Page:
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Claudine Guérin de Tencin

Claudine Alexandrine Guérin de Tencin (1681 - 4 December 1749) was a French courtesan and author.

Claudine was born in Grenoble, France where her father, Antoine Gurin, sieur de Tencin, was president of the parliament. Claudine was brought up at a convent near Grenoble and, at the wish of her parents, took the veil, but broke her vows and succeeded, in 1714, in gaining formal permission from the Pope Clement XI for her secularisation. She joined her sister Mme. de Ferriol in Paris, where she soon established a salon, frequented by wits and rous. Among her numerous lovers were the Chevalier Louis-Camus Destouches, the duke of Richelieu, and according to her biographer many other persons of distinction.

The last of her liaisons had a tragic ending. M. de la Fresnaye committed suicide in her house, and Mme. de Tencin spent some time in the Chatelet in consequence, but was soon liberated as the result of a declaration of her innocence by the Grand Consul. From this time she devoted herself to political intrigue, especially for the preferment of her brother the abb Tencin, who became archbishop of Embrun and received a cardinal's hat. Eventually she formed a literary salon, which had among its habitus Fontanelle, Montesquieu, the abb de Saint Pierre, Pierre de Marivaux, Alexis Piron and others. Hers was the first of the Parisian literary salons to which distinguished foreigners were admitted, and among her English guests were Bolingbroke and Chesterfield. By the good sense with which she conducted what she called her menagerie, she almost succeeded in effacing the record of her early disgrace. She was a novelist of considerable merit. Her novels have been highly praised for their simplicity and charm, the last qualities the circumstances of the writer's life would lead one to expect in her work. The best of them is Mmoires du comte de Comminges (1735), which appeared, ,as did the other two, under the name of her nephews, MM. dArgental and Pont de Veyle, the real authorship being carefully concealed.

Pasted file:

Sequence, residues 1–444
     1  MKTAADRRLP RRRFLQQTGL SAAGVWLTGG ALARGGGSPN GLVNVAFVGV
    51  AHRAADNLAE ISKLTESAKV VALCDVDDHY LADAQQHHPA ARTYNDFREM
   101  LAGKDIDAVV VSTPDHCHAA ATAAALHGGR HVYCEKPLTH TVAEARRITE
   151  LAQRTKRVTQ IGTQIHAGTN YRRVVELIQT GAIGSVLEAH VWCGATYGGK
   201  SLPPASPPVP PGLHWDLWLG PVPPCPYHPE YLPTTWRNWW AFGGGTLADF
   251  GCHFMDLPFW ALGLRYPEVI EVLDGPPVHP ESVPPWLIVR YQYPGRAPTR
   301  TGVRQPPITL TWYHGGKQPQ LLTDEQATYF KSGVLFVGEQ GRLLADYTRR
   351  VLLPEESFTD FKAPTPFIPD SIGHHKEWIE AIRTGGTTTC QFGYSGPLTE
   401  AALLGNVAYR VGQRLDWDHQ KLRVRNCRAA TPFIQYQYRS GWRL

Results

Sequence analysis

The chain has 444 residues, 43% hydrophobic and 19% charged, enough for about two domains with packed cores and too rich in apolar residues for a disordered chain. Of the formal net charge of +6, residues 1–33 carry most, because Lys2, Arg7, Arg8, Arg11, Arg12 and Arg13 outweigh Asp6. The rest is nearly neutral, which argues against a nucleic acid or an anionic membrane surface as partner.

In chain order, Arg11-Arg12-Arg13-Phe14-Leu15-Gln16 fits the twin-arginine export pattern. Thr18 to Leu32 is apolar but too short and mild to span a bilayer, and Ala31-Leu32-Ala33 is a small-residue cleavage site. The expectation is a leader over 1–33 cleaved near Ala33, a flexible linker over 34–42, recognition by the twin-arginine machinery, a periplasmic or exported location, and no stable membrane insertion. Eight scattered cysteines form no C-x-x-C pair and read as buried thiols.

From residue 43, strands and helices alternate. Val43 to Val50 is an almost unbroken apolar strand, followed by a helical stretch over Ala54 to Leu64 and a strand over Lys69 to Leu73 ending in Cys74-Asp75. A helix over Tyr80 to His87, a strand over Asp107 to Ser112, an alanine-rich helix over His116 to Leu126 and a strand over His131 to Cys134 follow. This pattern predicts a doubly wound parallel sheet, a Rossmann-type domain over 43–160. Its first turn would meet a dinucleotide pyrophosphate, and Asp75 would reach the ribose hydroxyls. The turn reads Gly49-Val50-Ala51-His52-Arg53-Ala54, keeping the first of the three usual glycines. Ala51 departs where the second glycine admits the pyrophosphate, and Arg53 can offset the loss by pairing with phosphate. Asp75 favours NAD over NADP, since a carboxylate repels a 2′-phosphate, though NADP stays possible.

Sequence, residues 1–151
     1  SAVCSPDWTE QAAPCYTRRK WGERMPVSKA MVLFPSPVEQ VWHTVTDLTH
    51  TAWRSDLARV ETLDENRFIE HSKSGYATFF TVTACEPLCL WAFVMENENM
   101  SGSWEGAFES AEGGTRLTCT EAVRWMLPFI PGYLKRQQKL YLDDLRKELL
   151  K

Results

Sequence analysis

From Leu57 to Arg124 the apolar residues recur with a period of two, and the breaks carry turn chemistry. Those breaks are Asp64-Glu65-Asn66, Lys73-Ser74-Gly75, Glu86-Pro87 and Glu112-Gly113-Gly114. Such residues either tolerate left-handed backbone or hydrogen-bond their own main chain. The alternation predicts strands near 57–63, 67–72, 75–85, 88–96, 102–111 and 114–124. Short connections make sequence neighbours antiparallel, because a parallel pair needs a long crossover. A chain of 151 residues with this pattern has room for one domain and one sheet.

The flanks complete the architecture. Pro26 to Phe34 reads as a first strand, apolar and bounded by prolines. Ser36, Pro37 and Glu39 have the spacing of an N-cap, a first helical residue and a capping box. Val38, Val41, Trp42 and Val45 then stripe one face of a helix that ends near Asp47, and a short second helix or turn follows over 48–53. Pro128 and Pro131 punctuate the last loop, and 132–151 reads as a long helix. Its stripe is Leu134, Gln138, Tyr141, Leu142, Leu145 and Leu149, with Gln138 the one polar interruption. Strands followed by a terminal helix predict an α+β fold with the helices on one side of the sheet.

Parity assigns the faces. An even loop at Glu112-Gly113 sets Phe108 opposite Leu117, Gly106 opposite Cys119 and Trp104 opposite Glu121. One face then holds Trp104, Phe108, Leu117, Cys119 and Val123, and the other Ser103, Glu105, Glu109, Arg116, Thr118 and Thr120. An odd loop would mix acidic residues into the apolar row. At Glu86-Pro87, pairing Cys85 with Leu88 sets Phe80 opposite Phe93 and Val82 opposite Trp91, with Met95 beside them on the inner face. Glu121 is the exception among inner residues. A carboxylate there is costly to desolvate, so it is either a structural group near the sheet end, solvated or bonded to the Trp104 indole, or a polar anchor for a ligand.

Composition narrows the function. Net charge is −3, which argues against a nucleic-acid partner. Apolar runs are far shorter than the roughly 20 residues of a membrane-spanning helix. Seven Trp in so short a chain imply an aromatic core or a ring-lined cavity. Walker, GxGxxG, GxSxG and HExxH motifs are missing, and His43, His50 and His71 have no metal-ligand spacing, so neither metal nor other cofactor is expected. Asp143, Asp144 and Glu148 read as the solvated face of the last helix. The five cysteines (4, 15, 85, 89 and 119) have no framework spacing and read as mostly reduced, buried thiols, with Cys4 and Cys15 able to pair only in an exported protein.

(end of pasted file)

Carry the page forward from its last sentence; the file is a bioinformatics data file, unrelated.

Her works, with those of Mme. de la Fayette, were edited b Etienne and Jay (Paris, 1825); her novels were reprinted, wit introductory matter by Lescure, in 1885; and her correspondence in the Lettres de Mmes. de Villars, de La Fayette et de Tencin (Paris, 1805-1832).

This entry was originally from the 1911 Encyclopedia Britannica.